Offline Mode for TouchKit 4 Mobile Apps

Michael Tzukanov
On Feb 12, 2015 9:45:00 AM


Vaadin is primarily a server-side framework. What happens with the application when the server is not available? Although this is possible on desktop computers, more often it happens when using a mobile device. This is why Vaadin TouchKit allows you to define offline behaviour. In this article I will tell you all the details you need to know about offline mode and how to use it. It is written based on Vaadin 7.3 and TouchKit 4.0.0.

Touchkit is a Vaadin addon that helps in developing mobile applications. I assume that you have some knowledge in Vaadin and an idea how to develop client-side Vaadin (GWT) code. The Parking demo one application where you might have seen offline mode in practice. While you can find its sources it here, I suggest that you read this article before you try to understand them. It will help you grasp the concepts demonstrated in the demo.

Demystifying offline mode

As said before, by default Vaadin is a server-side framework and that implies that when an application is running, and server-side views are not accessible when there is no connection. On the other hand, offline enabled applications run pure client-side Vaadin (GWT) code without connecting the server. 

There are at least a couple of approaches you might take to specify offline behavior on the client-side.

  1. Write a fully client-side application for the user to interact with when the server is offline.

  2. Write some views as client-side widgets and, in case the connection is lost, disable all the components that might need a server connection.

Let’s take a look at the technical details you need to know.

Setting up the offline mode

You can turn a Vaadin application into an offline-enabled TouchKit application by using an extension of TouchKitServlet as your servlet class. For example, the following might be your servlet declaration in your UI class:

@WebServlet(value = "/*")
public static class Servlet extends TouchKitServlet /* instead of VaadinServlet */ {} 

Client-side offline mode handling - method 1: checking the status

The simplest way to know if the application is online or offline is to use this code:


You might use it before sending something to the server or calling an RPC, for example. However, the network status might change at any time. Method 2 helps you react to those changes. 

Client-side offline mode handling - method 2: handling events

In order to use this method you need an ApplicationConnection instance. We are going to use its event bus to handle online/offline events. Usually you get an ApplicationConnection instance from a component connector. Here is an example:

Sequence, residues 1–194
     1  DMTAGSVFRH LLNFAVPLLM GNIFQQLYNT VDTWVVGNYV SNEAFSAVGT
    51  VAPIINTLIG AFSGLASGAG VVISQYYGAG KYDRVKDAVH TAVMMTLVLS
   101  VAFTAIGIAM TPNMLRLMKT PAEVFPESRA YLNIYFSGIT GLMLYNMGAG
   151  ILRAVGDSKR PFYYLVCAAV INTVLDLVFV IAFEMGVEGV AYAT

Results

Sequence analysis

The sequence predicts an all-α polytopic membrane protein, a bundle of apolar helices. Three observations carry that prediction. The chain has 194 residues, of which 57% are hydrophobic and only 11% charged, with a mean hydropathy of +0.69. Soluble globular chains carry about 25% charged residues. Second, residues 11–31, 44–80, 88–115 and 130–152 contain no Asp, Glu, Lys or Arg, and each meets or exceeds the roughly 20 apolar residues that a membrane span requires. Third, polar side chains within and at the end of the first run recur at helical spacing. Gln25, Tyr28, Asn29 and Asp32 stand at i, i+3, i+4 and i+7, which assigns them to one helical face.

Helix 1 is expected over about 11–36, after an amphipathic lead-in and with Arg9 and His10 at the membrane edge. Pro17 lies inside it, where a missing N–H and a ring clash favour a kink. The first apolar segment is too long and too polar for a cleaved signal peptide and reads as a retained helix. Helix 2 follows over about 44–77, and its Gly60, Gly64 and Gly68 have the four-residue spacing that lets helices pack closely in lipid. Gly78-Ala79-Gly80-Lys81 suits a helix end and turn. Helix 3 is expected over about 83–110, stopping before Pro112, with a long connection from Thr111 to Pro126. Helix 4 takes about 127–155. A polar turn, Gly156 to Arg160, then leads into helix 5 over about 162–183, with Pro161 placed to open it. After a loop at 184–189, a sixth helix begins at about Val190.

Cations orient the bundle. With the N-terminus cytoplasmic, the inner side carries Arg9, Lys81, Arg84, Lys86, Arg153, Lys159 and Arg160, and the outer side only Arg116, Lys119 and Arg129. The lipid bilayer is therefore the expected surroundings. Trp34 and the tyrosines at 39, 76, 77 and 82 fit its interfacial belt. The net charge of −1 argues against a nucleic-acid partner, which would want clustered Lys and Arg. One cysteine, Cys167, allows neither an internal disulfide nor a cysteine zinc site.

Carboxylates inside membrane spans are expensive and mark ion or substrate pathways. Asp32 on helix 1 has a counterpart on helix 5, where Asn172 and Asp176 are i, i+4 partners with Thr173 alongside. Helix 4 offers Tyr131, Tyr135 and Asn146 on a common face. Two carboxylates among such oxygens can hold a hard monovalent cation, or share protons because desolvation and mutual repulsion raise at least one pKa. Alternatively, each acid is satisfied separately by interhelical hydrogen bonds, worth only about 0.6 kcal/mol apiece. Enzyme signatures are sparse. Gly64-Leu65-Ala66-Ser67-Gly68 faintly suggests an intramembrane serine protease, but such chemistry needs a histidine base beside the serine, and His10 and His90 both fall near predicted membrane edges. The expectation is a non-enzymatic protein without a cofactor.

public class MyConnector extends AbstractComponentConnector

  protected void init() {
                     new OnlineEvent.OnlineHandler() {

          public void onOnline(final OnlineEvent event){
            // do some stuff


                      new OfflineEvent.OfflineHandler() {
         public void onOffline(final OfflineEvent event)
            // do some stuff

Note that this connector will only be created if an instance of MyComponent is created on the server side and attached to the UI. As an option, it might be a UI or Component extension connector. Otherwise your connector will never be instantiated and you will never receive these events, so you can rely on them only if you want to show some changes in the view or disable some functionality of a view when offline. In order to get true offline capabilities, use method 3.

Client-side offline mode handling - method 3: implementing OfflineMode interface 

Implementing client-side OfflineMode interface allows you to specify true offline-mode behavior: you will receive events also in case the page is loaded from cache without network connection at all.

Fortunately, there is a default implementation and you don’t need to worry about the implementation details. DefaultOfflineMode provides an OfflineMode implementation for any TouchKit application. By default it shows a loading indicator and a sad face when the network is down. In most cases all you want to do is replace this sad face with something more useful (for example Minesweeper or Sudoku), here’s a sample:

public class MyOfflineMode extends DefaultOfflineMode {

   protected void buildDefaultContent() {
      getPanel().add(createOfflineApplication()); // can be a full blown GWT UI

Then you need to specify the implementation in your widgetset definition file (*.gwt.xml):

     class="com.vaadin.addon.touchkit.gwt.client.offlinemode.OfflineMode" />

This is enough for showing an offline UI, it will be shown and hidden automatically, DefaultOfflineMode will take care of this. If you need a more complex functionality, like doing something when going offline/online, you might want to override additional methods from DefaultOfflineMode or implement OfflineMode.

Now when you have a setup for your offline Vaadin TouchKit application, you can go further with offline integration and for example use PhoneGap to package your app. Among other things, you can find more details about this in Vaadin wiki.


Read more about Vaadin Touchkit 4 and offline mode

Michael Tzukanov
Michael Tzukanov has been working at Vaadin for almost two years as a developer, trainer and a Vaadin Expert.
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